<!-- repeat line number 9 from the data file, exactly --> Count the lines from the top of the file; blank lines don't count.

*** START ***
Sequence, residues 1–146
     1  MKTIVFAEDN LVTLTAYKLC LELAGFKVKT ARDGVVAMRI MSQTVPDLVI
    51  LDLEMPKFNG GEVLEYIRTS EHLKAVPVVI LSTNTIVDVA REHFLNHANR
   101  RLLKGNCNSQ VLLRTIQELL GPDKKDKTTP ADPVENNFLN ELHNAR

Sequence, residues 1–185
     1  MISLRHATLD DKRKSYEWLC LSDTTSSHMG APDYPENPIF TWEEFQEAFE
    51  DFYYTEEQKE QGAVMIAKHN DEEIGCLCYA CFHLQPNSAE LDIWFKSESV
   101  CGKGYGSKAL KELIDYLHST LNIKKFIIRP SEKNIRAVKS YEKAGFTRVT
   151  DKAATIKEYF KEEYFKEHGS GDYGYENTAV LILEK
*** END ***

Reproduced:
   151  DKAATIKEYF KEEYFKEHGS GDYGYENTAV LILEK